New posts to Scopic Regimes of Virtuality course blog
Andrea Fiore discusses mutual relationships and reciprocal interplays between space, time and money in virtual worlds. Saskia Korsten addresses melancholy and folding in Baroque and Postmodern art. Inge Ploum explores a dynamic concept of embodiment joining Mark Hansen’s understanding of perception as embodied experience and Katherine Hayles’s theories of posthumanism.
In this post, I discuss a series of mutual relationships and reciprocal interplays between space, time and money in virtual worlds, as they emerge in Tom Boellstorff’s account of his ethnographic fieldwork in Second Life. I approach these relationships through the notion of machine space, which I borrow from the literature on cybergeography. By reading Boellstroff’s account through this notion, my post argues that an equivalence between space, time and money is inscribed within the major constrains that the virtual world of Second Life imposes to its residents’ building activities. Read the rest of this entry »
Stamatina Dimakopoulou couples the Baroque and the Postmodern with melancholy and the concept of the fold as mutual traits in her article ‘Remapping the Affinities between the Baroque and the Postmodern: The Folds of Melancholy & the Melancholy of the Fold’. The following quote at the beginning of her article summarizes her comparison between Baroque and the Postmodern most lucidly… “…The Baroque and the Postmodern find their most striking manifestations in forms and experiences that articulate intermediary spaces where tensions, antinomies and opposites remain unresolved. They perform tropes of the singular, and the multiple that resist the rationalist dualities of self and world, the universe and the particular.”1 Read the rest of this entry »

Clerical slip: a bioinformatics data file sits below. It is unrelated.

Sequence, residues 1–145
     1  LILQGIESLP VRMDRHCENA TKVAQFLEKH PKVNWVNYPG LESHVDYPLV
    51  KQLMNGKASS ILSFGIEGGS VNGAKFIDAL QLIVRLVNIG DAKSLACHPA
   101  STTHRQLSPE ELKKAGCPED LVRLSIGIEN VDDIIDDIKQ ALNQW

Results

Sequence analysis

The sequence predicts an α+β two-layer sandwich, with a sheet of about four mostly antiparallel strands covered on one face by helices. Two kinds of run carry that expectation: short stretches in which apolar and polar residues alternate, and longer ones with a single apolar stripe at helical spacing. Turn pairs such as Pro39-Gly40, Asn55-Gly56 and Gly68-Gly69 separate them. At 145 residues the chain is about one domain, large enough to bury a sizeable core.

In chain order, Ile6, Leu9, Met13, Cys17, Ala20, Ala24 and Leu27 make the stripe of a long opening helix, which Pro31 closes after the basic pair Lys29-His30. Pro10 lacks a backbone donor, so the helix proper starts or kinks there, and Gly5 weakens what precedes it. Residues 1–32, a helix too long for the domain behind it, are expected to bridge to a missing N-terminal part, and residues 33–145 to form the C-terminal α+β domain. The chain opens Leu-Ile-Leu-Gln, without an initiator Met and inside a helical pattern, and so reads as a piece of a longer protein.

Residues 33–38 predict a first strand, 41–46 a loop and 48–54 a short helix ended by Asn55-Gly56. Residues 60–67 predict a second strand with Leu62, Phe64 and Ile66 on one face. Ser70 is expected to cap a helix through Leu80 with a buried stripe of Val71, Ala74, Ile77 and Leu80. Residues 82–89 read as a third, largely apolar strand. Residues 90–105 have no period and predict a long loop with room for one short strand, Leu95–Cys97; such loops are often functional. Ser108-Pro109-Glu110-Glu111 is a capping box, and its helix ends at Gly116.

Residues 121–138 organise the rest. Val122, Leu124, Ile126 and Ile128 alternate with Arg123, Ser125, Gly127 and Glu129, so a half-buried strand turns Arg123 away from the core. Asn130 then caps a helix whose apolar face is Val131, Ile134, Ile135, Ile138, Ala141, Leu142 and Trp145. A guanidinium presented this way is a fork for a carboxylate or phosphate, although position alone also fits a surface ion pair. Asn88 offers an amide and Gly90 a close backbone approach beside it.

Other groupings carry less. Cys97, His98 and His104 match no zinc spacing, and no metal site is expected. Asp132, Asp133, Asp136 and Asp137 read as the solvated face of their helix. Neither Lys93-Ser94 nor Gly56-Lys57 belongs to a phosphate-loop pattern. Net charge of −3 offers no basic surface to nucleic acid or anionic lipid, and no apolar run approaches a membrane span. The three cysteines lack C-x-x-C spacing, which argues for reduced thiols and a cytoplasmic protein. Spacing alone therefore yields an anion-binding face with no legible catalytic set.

Various philosophical positions have interpreted the perceptual relations between bodies, minds and technologies. While representative realism holds that there is a world external to the mind that we do not and cannot perceive, phenomenal realism embraces the physical as the subjective reflection phenomena. Although both disciplines appear in a variety of forms, they mutually institute the dominant Cartesian dualistic tradition of the West. They restrict us from conceptualizing mind, body and technology relations as qualitative and intransitive and cling to arbitrary dichotomies in order to make sense of the world. To challenge these models, Mark Hansen proposes a ‘new philosophy’ to displace the empirical-transcendental divide (i.e., being versus becoming, mind versus body et cetera). In this article I will examine the ideas of Mark Hansen, focusing particularly on his understanding of perception as embodied experience. I will then argue that Hansen’s work could be read as a supplement to Katherine Hayles’s posthumanism, and propose a coalescent framework. Read the rest of this entry »